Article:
Myth One: C4C was environmentally friendly
Quicker than you can say, “Holy statistics, Mr. Wizard,” the numbers nerds ascertained that the new vehicles sold under C4C will use more—not less—fuel than the beaters that were turned in and destroyed.
How can that be? Think of it on a personal level. Suppose you had a 10-year-old particulate belcher that, as the euphemism goes, needed work. Even if you lived in an Orlando suburb, you’d still be less than excited at the idea of piling the kids into it and lighting out for Disney World. But that new Malibu that gets a hell of a lot better mileage is a different kettle of green. You trust it; it’s economical; you drive it more. A lot more, according to another piece of research.
CNW surveyed drivers involved in the purchase of the first 239,000 C4C vehicles. The average intended annual mileage was 10,894, up from the actual clunker mileage of 6,162. For those of you without a calculator falling readily to hand, that’s nearly double.
But what about that miles-per-gallon improvement we were promised? Well, we got it. The average fuel economy reported by C4C buyers rose from 16.3 mpg for Old Dobbin to 24.8 for the new carriage. A monster step in the right direction. Add to that the over-90-percent reduction in tailpipe excretions and we’re still looking good, right?
Not as good as we might. The new car, because it’s new and fun and green and clean and smells good, will be given some 61 additional gallons each year by its grateful owner. For those first 239,000 C4C vehicles, that’s 14.6 million gallons that the clunkers wouldn’t have gobbled up. The approximately 700,000 total vehicles moved under the program will therefore use an additional 42 million gallons of fuel annually during the first years of ownership.
OK, but what about Myth Two--the effective stimulation of the economy? Turns out that a lot of those enthusiastic buyers are now beginning to realize they've been had:
Twice as many C4C participants as normal buyers are worried about the negative impact a brand spanking new payment book with $275 printed on each of its 72 pages might have on rent and Hamburger Helper expenditures. (The actual C4C numbers were an average loan length of 49 months and an average payment of $317.) No wonder. I’m surprised that the survey didn’t find half of the C4C spenders sitting up nights watching Suze Orman and Dave Ramsey re-runs.
If you are someone other than the owner of a Treasury Department printing press, you might be allowed a mild case of regret over adding $20,000 or $30,000 to your household debt during what can be called a time of economic uncertainty.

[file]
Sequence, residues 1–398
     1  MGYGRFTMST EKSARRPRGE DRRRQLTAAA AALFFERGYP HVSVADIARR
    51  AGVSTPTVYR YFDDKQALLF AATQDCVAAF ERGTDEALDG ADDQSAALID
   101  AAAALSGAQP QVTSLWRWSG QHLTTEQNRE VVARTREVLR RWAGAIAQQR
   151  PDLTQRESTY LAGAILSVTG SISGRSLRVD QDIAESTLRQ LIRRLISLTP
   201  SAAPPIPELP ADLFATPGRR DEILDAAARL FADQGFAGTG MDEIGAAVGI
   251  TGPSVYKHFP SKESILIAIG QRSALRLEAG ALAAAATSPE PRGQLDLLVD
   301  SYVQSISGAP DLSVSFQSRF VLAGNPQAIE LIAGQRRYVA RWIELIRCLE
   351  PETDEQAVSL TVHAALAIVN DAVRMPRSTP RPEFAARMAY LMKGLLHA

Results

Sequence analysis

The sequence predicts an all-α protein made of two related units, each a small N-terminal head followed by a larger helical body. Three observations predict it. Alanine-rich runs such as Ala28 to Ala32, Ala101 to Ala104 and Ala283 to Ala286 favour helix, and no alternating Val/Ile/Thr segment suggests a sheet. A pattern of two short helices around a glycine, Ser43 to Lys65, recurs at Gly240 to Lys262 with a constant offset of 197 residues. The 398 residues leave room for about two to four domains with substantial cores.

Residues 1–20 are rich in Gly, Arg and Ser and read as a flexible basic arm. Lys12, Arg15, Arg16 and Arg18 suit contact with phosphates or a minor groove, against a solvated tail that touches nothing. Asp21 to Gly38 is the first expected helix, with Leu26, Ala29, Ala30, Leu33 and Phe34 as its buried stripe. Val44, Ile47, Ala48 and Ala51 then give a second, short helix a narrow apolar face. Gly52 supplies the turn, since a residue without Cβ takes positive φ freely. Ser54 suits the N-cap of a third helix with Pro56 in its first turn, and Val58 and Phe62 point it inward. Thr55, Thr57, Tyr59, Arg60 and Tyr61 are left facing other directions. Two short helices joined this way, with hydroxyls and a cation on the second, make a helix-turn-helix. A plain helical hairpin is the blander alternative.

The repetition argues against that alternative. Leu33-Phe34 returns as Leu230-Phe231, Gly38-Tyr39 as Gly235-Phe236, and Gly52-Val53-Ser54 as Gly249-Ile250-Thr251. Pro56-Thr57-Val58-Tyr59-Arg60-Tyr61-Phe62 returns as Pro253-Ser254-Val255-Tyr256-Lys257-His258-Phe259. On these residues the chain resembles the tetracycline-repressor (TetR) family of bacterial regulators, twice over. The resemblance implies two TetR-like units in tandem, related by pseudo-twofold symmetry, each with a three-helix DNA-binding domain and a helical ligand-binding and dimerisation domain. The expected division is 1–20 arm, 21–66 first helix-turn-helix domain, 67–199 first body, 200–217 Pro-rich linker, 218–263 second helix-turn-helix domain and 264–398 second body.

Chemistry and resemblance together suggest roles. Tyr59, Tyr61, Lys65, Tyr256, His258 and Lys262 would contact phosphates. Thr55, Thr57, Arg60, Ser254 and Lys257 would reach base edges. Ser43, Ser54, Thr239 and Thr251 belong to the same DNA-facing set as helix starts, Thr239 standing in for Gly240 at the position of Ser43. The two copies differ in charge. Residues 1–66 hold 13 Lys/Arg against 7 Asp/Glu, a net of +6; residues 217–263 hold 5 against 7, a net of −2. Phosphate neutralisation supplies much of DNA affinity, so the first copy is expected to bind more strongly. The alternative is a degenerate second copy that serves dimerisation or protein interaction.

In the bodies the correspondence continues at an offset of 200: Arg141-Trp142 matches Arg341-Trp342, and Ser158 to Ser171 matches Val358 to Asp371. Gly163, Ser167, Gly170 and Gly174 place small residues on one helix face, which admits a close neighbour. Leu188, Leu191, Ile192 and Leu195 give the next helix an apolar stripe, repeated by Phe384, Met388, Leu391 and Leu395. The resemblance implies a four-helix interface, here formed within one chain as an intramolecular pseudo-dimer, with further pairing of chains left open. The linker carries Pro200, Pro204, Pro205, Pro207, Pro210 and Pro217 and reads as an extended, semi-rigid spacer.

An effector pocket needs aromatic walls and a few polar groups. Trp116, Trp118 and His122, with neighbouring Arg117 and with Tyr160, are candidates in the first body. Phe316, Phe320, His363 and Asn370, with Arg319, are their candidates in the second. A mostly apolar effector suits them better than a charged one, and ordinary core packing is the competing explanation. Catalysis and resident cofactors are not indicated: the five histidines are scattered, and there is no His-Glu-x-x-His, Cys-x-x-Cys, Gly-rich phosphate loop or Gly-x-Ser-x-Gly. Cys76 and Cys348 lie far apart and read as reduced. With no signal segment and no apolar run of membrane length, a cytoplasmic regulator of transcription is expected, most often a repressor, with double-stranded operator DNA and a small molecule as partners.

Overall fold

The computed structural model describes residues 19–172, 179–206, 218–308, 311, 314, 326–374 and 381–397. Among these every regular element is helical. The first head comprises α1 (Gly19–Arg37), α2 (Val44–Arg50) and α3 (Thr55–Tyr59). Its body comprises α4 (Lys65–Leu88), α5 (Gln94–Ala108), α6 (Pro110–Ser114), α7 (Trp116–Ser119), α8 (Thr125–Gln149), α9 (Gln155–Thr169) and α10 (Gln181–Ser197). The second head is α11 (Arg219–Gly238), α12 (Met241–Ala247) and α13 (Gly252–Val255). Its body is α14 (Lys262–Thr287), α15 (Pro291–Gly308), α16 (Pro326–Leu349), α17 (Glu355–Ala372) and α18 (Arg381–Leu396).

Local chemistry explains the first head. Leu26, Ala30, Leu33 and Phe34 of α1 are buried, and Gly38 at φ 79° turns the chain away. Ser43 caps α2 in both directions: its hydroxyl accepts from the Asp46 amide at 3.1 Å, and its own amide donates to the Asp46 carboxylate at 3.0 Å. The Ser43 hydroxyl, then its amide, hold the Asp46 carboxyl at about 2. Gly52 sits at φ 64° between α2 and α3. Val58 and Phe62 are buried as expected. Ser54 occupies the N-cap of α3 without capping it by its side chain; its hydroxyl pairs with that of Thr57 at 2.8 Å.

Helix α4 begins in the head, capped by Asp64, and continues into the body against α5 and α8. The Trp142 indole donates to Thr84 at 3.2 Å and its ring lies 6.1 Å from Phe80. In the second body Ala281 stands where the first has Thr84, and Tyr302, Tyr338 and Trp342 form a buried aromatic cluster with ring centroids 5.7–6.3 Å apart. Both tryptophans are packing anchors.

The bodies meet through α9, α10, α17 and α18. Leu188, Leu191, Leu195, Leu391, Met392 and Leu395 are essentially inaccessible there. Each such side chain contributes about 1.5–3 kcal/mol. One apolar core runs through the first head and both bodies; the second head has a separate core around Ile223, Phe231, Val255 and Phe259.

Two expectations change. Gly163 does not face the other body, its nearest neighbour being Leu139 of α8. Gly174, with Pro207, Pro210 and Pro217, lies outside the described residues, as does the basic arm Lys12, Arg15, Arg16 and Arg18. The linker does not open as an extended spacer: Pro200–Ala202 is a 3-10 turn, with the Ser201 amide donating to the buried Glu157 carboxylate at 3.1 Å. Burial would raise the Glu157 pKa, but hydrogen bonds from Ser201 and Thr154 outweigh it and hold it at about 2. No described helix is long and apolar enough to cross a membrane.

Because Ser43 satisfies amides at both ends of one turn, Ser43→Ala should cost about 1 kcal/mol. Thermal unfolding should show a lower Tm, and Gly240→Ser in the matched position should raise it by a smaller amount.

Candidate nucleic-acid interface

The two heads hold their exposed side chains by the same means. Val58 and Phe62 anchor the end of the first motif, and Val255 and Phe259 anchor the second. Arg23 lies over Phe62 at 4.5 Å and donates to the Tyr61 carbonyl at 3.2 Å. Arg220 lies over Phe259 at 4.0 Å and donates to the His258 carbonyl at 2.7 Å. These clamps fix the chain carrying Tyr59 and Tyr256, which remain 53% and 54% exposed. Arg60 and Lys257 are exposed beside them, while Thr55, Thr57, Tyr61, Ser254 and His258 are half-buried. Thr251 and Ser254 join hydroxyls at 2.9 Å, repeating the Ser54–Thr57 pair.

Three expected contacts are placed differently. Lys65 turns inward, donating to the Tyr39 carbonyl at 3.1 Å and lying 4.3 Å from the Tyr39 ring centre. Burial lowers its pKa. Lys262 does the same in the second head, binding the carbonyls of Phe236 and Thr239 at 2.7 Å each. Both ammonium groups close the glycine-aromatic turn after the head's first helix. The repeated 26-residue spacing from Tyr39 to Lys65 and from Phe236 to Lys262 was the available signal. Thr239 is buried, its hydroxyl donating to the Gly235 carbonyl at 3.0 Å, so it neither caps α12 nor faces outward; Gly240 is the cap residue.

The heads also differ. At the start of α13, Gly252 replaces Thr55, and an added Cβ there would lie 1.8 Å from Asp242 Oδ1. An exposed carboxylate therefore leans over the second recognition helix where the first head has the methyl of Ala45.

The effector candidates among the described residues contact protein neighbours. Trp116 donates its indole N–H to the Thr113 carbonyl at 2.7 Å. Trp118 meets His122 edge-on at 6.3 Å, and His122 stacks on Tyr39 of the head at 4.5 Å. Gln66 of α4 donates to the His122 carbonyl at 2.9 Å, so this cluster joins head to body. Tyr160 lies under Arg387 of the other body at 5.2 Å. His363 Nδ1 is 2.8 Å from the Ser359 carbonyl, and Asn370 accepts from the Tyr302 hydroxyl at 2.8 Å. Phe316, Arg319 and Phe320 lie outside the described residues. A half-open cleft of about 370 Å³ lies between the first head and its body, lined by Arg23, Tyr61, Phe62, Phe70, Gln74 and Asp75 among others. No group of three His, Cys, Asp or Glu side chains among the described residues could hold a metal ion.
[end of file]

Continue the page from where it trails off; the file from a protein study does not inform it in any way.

Three revealing line items in a separate CNW survey noted that the drain on the family coffers would be offset by reducing the pay-down of credit card debt, deferring home improvement and removing money from non-targeted savings. About one-fifth of buyers surveyed cited each of these categories as the number one source of their car payment bucks.
Leaving aside the prospects of leaking roofs or empty savings accounts, just consider the act of slowing up on reducing those credit card balances on which you are paying 19 percent interest or worse. Thinking about that in the cold light of early dawn could do more than induce buyer’s remorse; in a clear-thinking head of household able to do basic arithmetic, it could result in thoughts of panic.
Myth Number Three--that this was a good use of Federal tax dollars, is now finally being exploded in parts of the MSM as it has been by Libertarians since day one:
Cars for Clunkers took $2.8 billion from the general roster of 300 million citizens and handed it tax-free to a small group of 700,000 citizens.
Not quite right there: a lot of those folks with $20-30,000 of new car debt are now discovering the dirty little secret that their rebates are taxable, but the point remains:
Cash for Clunkers--without either making a significant environmental impact--managed to achieve the following
1) Transfer $2.8 billion of taxpayer money into the hands of 700,000 Americans for a consumer spending binge that many of them couldn't actually afford
2) Created hundreds of billions of dollars in new consumer debt in the middle of a deep recession; and
3) Failed to succor the automobile industry for even ten minutes longer than the massive cash giveaway lasted.
Change we can go to the poorhouse with.